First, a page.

Skip to comments.The Real Lincoln
Posted on 03/26/2002 10:38:41 PM PST by kattracks
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I generally ignore idiots. Your constant barrage of obviously self-manufactured mythology is no more credible than Von Daniken's theories of pyramids being built by visitors from an invisible planet. Even the people who take to the lincoln side of the arguments here know that your whole position is to take cut & paste snippets quoted from dead people out of context & rearrange them into a bizzarre theory that is easily refuted by a trip to any library.
You said it again. I can't believe it. Yes, the people involved in these events are dead!
I always like to say that historical people can't help being dead. What a hoot.
Washington urging an immovable attachment to the national union still rings down to us to day, however.
As to my text being out of context, you've had months to show it.
Do a self search. It shows plainly in nearly every one of your posts.
Let me ask you a straight question walt. Do you honestly believe that there is anyone on either side of the north-south debate here who doesn't realize that your method of cut & paste historical revisionism is a tongue in cheek exercize in pure BULLSH*T?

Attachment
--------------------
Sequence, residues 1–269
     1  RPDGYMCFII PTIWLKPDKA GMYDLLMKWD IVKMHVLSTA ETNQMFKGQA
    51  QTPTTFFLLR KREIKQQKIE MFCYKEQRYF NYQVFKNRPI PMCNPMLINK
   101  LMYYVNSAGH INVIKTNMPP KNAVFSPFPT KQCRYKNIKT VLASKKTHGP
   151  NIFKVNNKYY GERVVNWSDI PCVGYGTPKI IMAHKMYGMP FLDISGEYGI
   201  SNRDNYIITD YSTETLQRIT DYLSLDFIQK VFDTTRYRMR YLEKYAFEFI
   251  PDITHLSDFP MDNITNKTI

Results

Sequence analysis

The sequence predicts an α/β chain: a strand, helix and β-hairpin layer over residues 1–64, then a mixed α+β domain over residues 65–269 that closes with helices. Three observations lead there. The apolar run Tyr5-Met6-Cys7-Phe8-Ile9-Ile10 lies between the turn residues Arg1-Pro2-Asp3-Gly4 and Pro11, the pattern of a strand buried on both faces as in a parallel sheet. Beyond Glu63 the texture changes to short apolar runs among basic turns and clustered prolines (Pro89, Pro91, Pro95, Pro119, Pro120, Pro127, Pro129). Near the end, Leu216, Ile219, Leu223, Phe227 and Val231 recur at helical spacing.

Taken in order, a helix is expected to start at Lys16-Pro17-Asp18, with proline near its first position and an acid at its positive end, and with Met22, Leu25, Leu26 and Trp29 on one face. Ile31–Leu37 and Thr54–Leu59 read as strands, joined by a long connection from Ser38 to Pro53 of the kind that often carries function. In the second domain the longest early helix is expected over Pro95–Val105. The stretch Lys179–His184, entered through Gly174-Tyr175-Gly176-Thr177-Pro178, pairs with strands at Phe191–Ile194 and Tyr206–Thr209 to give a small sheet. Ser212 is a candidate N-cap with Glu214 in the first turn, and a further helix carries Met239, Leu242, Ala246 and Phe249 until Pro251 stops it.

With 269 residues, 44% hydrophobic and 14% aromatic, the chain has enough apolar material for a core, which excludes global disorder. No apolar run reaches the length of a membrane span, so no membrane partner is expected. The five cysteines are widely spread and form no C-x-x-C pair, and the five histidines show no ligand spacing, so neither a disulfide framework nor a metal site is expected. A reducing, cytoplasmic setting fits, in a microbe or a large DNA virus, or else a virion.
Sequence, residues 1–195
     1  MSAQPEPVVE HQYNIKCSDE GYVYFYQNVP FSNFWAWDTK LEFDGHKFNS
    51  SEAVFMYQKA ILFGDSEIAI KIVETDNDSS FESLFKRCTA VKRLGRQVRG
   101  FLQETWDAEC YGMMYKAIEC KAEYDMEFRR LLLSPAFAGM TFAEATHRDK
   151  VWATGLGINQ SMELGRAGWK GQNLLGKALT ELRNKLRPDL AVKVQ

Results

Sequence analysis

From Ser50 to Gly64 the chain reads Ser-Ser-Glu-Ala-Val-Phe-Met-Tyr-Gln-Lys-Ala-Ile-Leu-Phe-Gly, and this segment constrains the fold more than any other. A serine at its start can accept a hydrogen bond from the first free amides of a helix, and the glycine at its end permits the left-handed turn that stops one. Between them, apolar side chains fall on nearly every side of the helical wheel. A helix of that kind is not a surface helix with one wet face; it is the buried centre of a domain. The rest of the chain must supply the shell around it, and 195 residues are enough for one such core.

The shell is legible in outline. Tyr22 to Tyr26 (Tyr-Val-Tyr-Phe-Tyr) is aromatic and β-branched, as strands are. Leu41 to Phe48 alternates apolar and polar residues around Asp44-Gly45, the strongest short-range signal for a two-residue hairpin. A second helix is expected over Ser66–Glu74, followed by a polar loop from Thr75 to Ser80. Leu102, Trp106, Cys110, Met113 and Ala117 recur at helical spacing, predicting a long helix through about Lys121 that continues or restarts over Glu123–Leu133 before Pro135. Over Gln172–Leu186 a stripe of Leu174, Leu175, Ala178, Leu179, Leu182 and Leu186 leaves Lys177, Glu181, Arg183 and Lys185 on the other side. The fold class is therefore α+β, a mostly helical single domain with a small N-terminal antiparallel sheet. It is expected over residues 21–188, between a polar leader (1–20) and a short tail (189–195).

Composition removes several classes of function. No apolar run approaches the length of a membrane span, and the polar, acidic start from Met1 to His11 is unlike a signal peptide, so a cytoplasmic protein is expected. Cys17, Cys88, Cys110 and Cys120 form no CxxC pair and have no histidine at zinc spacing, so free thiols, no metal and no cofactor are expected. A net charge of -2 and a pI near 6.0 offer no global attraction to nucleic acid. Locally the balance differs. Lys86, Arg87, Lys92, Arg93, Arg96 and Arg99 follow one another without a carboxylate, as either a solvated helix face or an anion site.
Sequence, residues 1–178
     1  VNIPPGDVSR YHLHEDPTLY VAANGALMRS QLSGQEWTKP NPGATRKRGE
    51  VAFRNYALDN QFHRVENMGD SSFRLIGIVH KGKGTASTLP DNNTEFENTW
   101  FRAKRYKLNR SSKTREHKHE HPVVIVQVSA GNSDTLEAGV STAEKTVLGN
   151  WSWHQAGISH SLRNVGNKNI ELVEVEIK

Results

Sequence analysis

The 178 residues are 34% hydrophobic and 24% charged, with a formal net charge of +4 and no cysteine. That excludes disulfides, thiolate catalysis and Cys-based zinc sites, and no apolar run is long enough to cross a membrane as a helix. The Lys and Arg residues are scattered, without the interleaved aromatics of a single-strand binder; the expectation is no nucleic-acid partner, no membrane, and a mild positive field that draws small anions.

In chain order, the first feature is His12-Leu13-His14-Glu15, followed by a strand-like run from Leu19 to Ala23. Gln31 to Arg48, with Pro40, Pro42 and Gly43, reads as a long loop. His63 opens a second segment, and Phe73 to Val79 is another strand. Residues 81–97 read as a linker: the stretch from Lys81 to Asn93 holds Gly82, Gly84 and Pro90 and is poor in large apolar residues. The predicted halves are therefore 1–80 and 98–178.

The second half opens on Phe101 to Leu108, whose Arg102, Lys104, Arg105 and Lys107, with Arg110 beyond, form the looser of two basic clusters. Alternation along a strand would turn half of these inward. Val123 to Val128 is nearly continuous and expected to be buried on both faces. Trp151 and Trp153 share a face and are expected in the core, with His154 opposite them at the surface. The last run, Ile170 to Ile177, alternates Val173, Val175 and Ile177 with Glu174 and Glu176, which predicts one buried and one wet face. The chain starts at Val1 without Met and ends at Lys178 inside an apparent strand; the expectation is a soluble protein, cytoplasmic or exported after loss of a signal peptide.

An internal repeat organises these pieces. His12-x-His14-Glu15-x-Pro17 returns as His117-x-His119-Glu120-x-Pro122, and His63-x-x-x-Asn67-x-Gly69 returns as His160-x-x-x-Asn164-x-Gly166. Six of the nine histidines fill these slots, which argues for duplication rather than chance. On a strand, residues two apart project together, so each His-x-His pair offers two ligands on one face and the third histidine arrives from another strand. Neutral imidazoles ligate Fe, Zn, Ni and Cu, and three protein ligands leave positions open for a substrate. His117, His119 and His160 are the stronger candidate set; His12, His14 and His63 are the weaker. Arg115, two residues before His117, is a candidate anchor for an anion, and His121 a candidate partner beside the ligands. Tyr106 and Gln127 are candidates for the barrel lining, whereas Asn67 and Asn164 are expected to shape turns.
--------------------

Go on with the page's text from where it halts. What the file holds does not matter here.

The north-south debate has been going on since before the war & will continue through the forseeable future. You add nothing to the debate but contrived fantasy & as such don't require intellegent response. Post on...
See PINK MARINE this proves they were white trash. Of course you wouldn't recognize that condition!
I saw some Auburn fans at the 1997 Southeastern Conference Championship game. ;-)
Actually, the Auburn fans were great -- both their spirit and traditions.
Is this statement taken out of context:
"I do not conceive we can exist long as a nation, without having lodged somewhere a power which will pervade the whole Union in as energetic a manner, as the authority of the different state governments extends over the several states. To be fearful of vesting Congress, constituted as that body is, with ample authorities for national purposes, appears to me to be the very climax of popular absurdity and madness."
George Washington to John Jay, 15 August 1786
How about these:
"We may then infer, that the people of the United States intended to bind the several states, by the legislative power of the national government...Whoever considers, in a combined and comprehensive view, the general texture of the constitution, will be satisfied that the people of the United States intended to form themselves into a nation for national purposes." And: "Here we see the people acting as the sovereigns of the whole country; and in the language of sovereignty, establishing a Constitution by which it was their will, that the state governments should be bound, and to which the State Constitutions should be made to conform."
--Chisholm v. Georgia, 1793
Show they are taken out of context.
Do you have anything on Rawle's background, party affiliation, state of birth, etc.?
Also, the book is reported as being used at West Point. Does anyone know for how long, and whether it was the exclusive text for Constitutional Law? If it was, that might explain the paucity of Southern West Pointers who reamined loyal in 1860-1.
Finally, it may be worth noting that Rawle gives no authorities from the founding period whatever. He argues, with some force and the appearance, at least, of reason, from the Constitution itself.